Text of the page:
It goes without saying that Jane Austen is a staple of Englishness. Having reached icon status in the 200 years after her death, not every author can claim to be one of the bestselling authors of all time, after Shakespeare, with a devoted fanbase (called Janeites) and having the honour of being featured on the £10 bank note. We would not be the society we are today without Jane Austen. As a self-confessed Janeite for more than a decade, I was brought up on her tales of manners and marriage, amazed by her witty insights into the moral and human psyche. I would be lying if I said she’s not formed an integral part of how I read today – as very often we make parallels and comparisons to her characters and plots. But I have gained new respect for her work in recent times, as we’ve had to alter our lives completely according to covid restrictions. Here’s a look at how regency and covid etiquette aren’t too dissimilar…
‘Will you take a turn about the room with me Miss Bennet?’ – Caroline Bingley, Pride and Prejudice
Never has this quotation rung truer, as we have all become a lot more familiar with our living rooms this past year. While Austen characters may spend a lot of time visiting each other’s houses, some of us feel like we may be living in a real-life Austen novel, as much of the action of our daily life is indoors. But Austen was a huge advocate for the great outdoors, so like Lizzy Bennet and Catherine Morland, be sure to get lots of fresh air!
Social Distancing – remain a suitable distance, lest you ruin your reputation
Yes, in Austen’s day women were expected to remain a certain distance from a gentleman, dependent on how close the acquaintance is. You might wonder how they would have handled a pandemic – without social media, flirtatious behaviour was confined to parties and social gatherings. Quite often, these scandalous liaisons take place near the sea – think Wickham and Lydia’s elopement or in the city like Maria Bertram and Henry Crawford.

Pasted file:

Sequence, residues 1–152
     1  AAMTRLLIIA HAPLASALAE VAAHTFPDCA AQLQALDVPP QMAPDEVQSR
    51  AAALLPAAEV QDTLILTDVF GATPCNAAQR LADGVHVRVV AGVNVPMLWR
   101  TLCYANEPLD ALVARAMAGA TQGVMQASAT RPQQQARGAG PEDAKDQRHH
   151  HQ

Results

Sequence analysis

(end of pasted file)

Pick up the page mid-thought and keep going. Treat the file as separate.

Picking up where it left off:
Making a suitable match
As Charlotte Lucas said, ‘I’m 27 years old, with no money and no prospects.’ There has been some stigma attached to this age, with the implication that a woman should be settled into marriage or else they are ‘past it’, but thankfully there is less pressure now. While dating is certainly more difficult in the current climate, Austen heroines were expected to become married off to wealthy suitors at the first opportunity. That is, except for the wealthy matchmaking Emma Woodhouse, so take a leaf out of her book at your peril!
Rekindling old romances
Anne Elliott is one of Austen’s most enduring and resilient heroines, who faces a dilemma when the man she rejected enters her life once more. After Emma and Pride and Prejudice, Persuasion is my third favourite Jane Austen novel, purely for the fact that it feels the most modern in its attitude and acts as an elegy for the author’s life. You may find that it’s been quite some time since you last saw that certain someone since lockdown – but hopefully it won’t be as long as seven years!
And lastly… letter writing!
If you’ve read any of her work, you’ll know Austen loved writing letters. This was one of the main ways of communicating prior to social media, and many characters express their truest feelings through this form. If you haven’t already, why not write to a friend?